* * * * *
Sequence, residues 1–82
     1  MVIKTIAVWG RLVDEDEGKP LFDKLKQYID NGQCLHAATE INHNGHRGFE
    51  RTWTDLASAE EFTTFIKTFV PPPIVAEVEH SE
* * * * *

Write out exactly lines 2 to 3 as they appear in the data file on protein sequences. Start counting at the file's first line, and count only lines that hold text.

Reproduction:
     1  MVIKTIAVWG RLVDEDEGKP LFDKLKQYID NGQCLHAATE INHNGHRGFE
    51  RTWTDLASAE EFTTFIKTFV PPPIVAEVEH SE